Spotlight

Yield with caution. How credit-savvy Sandy Liang commandeers corporate debt.

Former Wall Street analyst and 7-time member of Institutional Investor Magazine’s All-American Fixed Research Team is resolute about putting asset protection first. We asked Sandy to tell us how he does it and why his cautious approach generates excess returns.

Former Wall Street analyst and 7-time member of Institutional Investor Magazine’s All-American Fixed Research Team is resolute about putting asset protection first. We asked Sandy to tell us how he does it and why his cautious approach generates excess returns. Lenders instinctively know every loan has a margin of safety; and they know how to determine that margin. So, when investing in the credit markets, it helps to think like a lender.

“If you’re lending a corporate issuer money, you have to think about asset value protection,” says LOGiQ Asset Management PM and credit maven Sandy Liang. “What’s the value of specific collateral – which, depending on the industry could be the value of the company’s assets, the break-up value, or a multiple of cash flow.”

Lenders consider all these factors, and a smart investor examining a company’s debt issues will apply the same rigor. Liang says good investment ideas for the team can come from anywhere – although his primary sources are quantitative screens, a network of Wall Street contacts from his 12 years spent working in New York and bond databases from U.S. dealers that show the universe of what’s available. And, because Liang’s team has been at this awhile, they will also revisit issuers with whom they’re familiar. They’ll also consider new issues, which require comparing a new bond to its peers in the industry and examining how that industry is performing overall.

“Over the course of a cycle, the idea is to earn your coupon and get your principal back,” says Liang, who notes his background is primarily high yield debt investing. “So, it’s really about thinking about the downside as opposed to the upside.”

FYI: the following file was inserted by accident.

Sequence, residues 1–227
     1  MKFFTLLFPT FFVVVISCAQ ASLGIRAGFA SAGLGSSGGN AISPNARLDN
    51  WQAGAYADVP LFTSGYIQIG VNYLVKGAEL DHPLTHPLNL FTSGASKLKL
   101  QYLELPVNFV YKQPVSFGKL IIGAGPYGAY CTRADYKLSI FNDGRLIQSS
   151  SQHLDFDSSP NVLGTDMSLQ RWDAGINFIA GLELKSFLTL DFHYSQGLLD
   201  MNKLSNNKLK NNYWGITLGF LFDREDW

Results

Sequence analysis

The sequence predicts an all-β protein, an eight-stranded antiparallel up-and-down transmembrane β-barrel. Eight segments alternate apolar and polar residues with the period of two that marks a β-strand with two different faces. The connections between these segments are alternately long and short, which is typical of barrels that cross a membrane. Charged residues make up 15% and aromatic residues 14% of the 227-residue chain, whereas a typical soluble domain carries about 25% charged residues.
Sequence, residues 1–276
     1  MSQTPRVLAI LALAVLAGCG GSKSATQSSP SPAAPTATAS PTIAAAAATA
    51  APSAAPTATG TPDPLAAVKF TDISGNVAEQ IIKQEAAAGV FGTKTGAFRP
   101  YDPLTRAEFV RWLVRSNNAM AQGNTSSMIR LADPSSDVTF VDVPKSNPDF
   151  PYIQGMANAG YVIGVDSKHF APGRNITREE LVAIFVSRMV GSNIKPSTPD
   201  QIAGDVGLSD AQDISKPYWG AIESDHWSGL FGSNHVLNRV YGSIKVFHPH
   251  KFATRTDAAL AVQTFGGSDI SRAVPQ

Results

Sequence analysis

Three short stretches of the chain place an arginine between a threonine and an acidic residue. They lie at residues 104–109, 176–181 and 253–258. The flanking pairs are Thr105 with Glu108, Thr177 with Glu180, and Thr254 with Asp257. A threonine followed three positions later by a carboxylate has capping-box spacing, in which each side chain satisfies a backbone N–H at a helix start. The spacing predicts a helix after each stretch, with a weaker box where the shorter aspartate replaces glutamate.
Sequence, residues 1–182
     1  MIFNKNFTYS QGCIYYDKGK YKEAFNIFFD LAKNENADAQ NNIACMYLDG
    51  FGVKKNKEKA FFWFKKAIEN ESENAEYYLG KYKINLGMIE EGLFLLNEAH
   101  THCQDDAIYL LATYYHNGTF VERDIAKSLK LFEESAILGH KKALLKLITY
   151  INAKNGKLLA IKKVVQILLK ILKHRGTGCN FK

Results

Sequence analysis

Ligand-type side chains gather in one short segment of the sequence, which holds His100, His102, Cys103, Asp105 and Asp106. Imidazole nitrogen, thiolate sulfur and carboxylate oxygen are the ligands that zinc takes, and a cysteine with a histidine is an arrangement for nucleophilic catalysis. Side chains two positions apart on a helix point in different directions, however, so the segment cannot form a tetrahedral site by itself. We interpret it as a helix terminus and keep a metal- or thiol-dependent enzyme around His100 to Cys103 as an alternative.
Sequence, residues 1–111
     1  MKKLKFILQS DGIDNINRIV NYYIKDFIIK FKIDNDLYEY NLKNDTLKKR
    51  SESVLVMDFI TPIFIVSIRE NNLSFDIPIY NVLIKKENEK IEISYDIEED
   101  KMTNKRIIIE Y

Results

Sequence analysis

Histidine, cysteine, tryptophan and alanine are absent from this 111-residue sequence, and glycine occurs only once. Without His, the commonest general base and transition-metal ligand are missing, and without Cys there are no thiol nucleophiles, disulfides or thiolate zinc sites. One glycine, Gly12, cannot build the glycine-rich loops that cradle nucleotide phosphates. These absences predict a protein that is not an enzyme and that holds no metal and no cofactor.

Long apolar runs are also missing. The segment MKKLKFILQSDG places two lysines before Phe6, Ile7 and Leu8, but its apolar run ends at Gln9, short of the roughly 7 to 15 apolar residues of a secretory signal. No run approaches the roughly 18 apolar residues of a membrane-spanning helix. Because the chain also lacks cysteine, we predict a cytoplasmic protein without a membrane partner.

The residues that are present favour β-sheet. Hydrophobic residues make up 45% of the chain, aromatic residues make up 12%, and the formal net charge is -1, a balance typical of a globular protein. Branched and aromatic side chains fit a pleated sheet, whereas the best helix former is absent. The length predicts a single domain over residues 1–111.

That’s because there are times when all the bonds in the universe will trade at, or close to, par; and when that happens, it places a mathematical limit on upside. In those cases, the objective is simply to not lose money, or to limit losses if you happen to make a bad pick. Meanwhile the return from the coupon payments on the bonds has historically rivalled returns from owning the same company’s common equity.

“You can limit your risk in the instances you’re wrong just by being closer to the assets, by having security, or being the only debt in the capital structure; knowing something about the breakup value,” he says. “It’s all part of the same process.”

LOGiQ’s credit team also makes an effort to stay away from industries that are in secular decline, which are numerous in the non-investment grade (BB ratings and below from credit rating from agencies) universe. While some credit investors will look hard to find value in declining-industry companies, based on positives like strong cash flow, Liang says he doesn’t like to go there.

“It doesn’t even matter how much debt a specific company in a bad industry has,” he says. “The whole industry will not be investment grade,” adding that right now, some of the biggest issuers in the high yield debt market are landline telecom providers. He avoids that industry, along with other declining areas like traditional radio and printing.

“You can tell when an industry smells like secular decline, because often for the good ones, earnings will be flat but the costs continue to improve,” Liang says. “Management will be proactive on that side but in the end, if you’re in a dinosaur business, it’s really hard to avoid that situation – where at some point, the company whiffs on earnings and all of a sudden the market is going to discount the decline at a faster rate which affects securities prices quickly.”

His group also works hard to avoid companies that have a lot of debt, and whose bonds are being bought by ETFs simply because they exist.

“We think there’s some mispricing that happens if a company is able to issue more debt just because they have a lot of debt,” Liang says, adding the ETF buyers, which have been increasing in numbers, can make this a flawed process. “So we’re trying to stay away from those kinds of plain vanilla, large capital structures that the ETFs buy just because they’re there. We have a process.”

In his primary vehicle, the Strategic Yield Fund, Liang will hold between 60 and 100 names – but never more than 100. His Credit Opportunities Fund, which is for accredited investors only, is a top-picks offering that’s more concentrated than a mutual fund and has a lower number of positions, and will possibly take positions in other parts of the researched issuer’s capital structure including its preferred and/or common equity.

He notes the team’s research process is very bottom-up, and entails getting to know the industries they follow, along with the specific companies and their management teams. From there, it’s a primarily long strategy.

“Frankly, we don’t trade a lot,” says Liang. “Our top 15 names don’t really change that much over time.”


Back to top